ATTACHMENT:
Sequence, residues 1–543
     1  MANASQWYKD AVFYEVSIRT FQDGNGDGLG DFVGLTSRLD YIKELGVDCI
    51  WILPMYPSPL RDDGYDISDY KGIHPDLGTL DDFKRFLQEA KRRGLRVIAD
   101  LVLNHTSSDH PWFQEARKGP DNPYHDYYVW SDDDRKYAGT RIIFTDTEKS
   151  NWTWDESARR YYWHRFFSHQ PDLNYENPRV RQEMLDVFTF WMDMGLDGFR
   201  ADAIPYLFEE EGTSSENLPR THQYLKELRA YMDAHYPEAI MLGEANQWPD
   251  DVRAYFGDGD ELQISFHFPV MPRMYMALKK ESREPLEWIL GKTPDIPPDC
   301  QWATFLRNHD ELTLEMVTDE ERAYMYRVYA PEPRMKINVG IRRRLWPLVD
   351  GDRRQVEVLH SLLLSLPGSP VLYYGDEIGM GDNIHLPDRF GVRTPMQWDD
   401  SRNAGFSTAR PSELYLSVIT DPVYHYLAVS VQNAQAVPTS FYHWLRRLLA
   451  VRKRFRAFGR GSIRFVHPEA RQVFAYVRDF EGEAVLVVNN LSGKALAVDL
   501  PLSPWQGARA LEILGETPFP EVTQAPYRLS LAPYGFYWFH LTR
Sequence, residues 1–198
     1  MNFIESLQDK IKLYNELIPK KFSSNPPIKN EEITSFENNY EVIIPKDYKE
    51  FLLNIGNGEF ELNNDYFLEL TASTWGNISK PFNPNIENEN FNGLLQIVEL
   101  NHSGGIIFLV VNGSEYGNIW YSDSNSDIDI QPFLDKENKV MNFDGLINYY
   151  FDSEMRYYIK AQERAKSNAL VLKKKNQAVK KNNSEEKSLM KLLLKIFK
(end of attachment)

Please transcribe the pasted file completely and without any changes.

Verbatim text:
Sequence, residues 1–543
     1  MANASQWYKD AVFYEVSIRT FQDGNGDGLG DFVGLTSRLD YIKELGVDCI
    51  WILPMYPSPL RDDGYDISDY KGIHPDLGTL DDFKRFLQEA KRRGLRVIAD
   101  LVLNHTSSDH PWFQEARKGP DNPYHDYYVW SDDDRKYAGT RIIFTDTEKS
   151  NWTWDESARR YYWHRFFSHQ PDLNYENPRV RQEMLDVFTF WMDMGLDGFR
   201  ADAIPYLFEE EGTSSENLPR THQYLKELRA YMDAHYPEAI MLGEANQWPD
   251  DVRAYFGDGD ELQISFHFPV MPRMYMALKK ESREPLEWIL GKTPDIPPDC
   301  QWATFLRNHD ELTLEMVTDE ERAYMYRVYA PEPRMKINVG IRRRLWPLVD
   351  GDRRQVEVLH SLLLSLPGSP VLYYGDEIGM GDNIHLPDRF GVRTPMQWDD
   401  SRNAGFSTAR PSELYLSVIT DPVYHYLAVS VQNAQAVPTS FYHWLRRLLA
   451  VRKRFRAFGR GSIRFVHPEA RQVFAYVRDF EGEAVLVVNN LSGKALAVDL
   501  PLSPWQGARA LEILGETPFP EVTQAPYRLS LAPYGFYWFH LTR
Sequence, residues 1–198
     1  MNFIESLQDK IKLYNELIPK KFSSNPPIKN EEITSFENNY EVIIPKDYKE
    51  FLLNIGNGEF ELNNDYFLEL TASTWGNISK PFNPNIENEN FNGLLQIVEL
   101  NHSGGIIFLV VNGSEYGNIW YSDSNSDIDI QPFLDKENKV MNFDGLINYY
   151  FDSEMRYYIK AQERAKSNAL VLKKKNQAVK KNNSEEKSLM KLLLKIFK